The problem

For more than 200 years, vaccines have been central to the practical, population-scale management of a range of serious infectious disease challenges. However, despite safe and effective vaccines being available for a wide range of infectious diseases, prevention, and treatment of more complex conditions, including allergy and cancer, remain elusive. Furthermore, vaccines are complex to manufacture, making them difficult to produce to a scale, quality and cost that supports widespread global access. Could a new approach to vaccine delivery provide an answer to these challenges?

The solution

An ongoing collaboration between South Australian biotech company Sementis Ltd and UniSA’s Experimental Therapeutics Laboratory has developed a vaccine delivery platform that can potentially produce easy-to-manufacture vaccines for multiple acute and chronic disease conditions. 

The Sementis Copenhagen Vaccine (SCV) system is a ground-breaking technology that combines a genetically engineered vaccina viral vector (the same vaccine backbone used to globally eliminate smallpox) with an easily manufactured, industry friendly cell line called Chinese Hamster Ovary (CHO).  

Due to the nature of the vector, it can accommodate large amounts of genetic information, making it ideal for tackling more complex diseases. The CHO cell line is also designed for production at large scale, at a quality and cost that can address many of the current manufacturing challenges of vaccines. 

Professor John Hayball is both Research Professor and Head of UniSA’s Experimental Therapeutics Laboratory and Chief Scientific Officer of Sementis Ltd, and he says the beauty of the SCV system is that it’s not a one-product platform. 

“The platform is a bit like a cassette player that we can plug in and play; so we plug the platform with different antigens to target a specific disease condition,” Prof Hayball says.  

“This means the platform can be utilised for different disease scenarios, by using genetic engineering techniques to insert genes for antigens of different diseases to create a vaccine, such as coronavirus genes to make a coronavirus vaccine, or Zika genes to make the Zika vaccine.” 

In May 2021 the Sementis-UniSA collaboration received a $2.98-million Federal Government Medical Research Futured Fund grant to accelerate work on a locally developed COVID-19 vaccine using the SCV platform.  

“Sementis is developing a second-generation COVID-19 vaccine,” Prof Hayball says. “The SCV platform can accommodate large amounts of genetic information, and thus we have designed a vaccine which includes other antigenic proteins from the SARS-CoV-2 virus into the vaccine, aiming to generate broad-ranging immunity in response to SARS-CoV-2 mutant virus strains.”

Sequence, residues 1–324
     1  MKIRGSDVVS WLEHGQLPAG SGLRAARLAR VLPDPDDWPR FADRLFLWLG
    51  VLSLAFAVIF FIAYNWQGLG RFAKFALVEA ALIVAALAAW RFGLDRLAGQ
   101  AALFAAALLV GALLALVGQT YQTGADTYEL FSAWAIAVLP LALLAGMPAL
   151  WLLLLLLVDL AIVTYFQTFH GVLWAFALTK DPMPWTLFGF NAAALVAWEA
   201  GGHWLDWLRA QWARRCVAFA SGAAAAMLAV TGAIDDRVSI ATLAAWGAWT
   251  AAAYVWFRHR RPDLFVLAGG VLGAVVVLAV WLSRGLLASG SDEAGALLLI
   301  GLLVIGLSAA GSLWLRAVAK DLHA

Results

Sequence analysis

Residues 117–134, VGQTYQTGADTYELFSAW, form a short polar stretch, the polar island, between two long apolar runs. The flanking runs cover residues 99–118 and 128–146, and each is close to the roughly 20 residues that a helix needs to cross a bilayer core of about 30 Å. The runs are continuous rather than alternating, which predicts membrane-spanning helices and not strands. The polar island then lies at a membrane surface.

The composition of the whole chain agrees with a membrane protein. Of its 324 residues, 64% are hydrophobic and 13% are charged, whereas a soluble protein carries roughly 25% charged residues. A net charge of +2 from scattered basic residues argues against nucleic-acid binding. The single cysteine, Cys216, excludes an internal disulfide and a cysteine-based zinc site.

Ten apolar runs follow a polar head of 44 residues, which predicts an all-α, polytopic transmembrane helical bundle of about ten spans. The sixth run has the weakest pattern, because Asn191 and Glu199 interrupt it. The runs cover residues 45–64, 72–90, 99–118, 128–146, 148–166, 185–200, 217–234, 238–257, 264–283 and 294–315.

In addition to potential uses against infectious diseases, the SCV platform is being adapted as a possible vaccine against common food allergies and related life-threatening anaphylaxis, which affects between 220 and 550 million people worldwide.   

Supported by a National Health and Medical Research Council Ideas Grant, researcher Dr Preethi Eldi is currently exploring the SCV platform as a preventative for peanut allergy. This approach “tricks” the immune system into seeing peanut allergens in a new way, so that the body responds normally instead of generating an allergic reaction. 

“We are effectively reprogramming the body to see peanuts as a food allergen that can be cured by a vaccine, rather than as an allergen that elicits an allergic reaction,” Dr Eldi says. 

A researcher collecting samples with a a pipette

Sementis CEO, Leanne Hobbs, says the UniSA-Sementis partnership is a great example of world class research and development happening here in South Australia. 

“Our SCV technology has real potential to address remaining global unmet needs, both in terms of tackling complex acute and chronic diseases and addressing production challenges of vaccines to meet population scale vaccination programmes. Meeting these challenges will reduce the costs of production, increasing global access to vaccination in low-to-middle income settings,” Hobbs says.  

“The collaboration with UniSA over the past 11 years has resulted in the development of what is Australia’s most advanced viral-vector vaccine technology platform technology, and we look forward to continuing the collaboration to support the work of Sementis to scale this vaccine technology ready for clinical trials.”

Partners involved

Sementis logo

Project outcomes

Single delivery platform can be adapted to multiple diseases

Designed for easy production at large scale

Makes vaccines more easily available at population level

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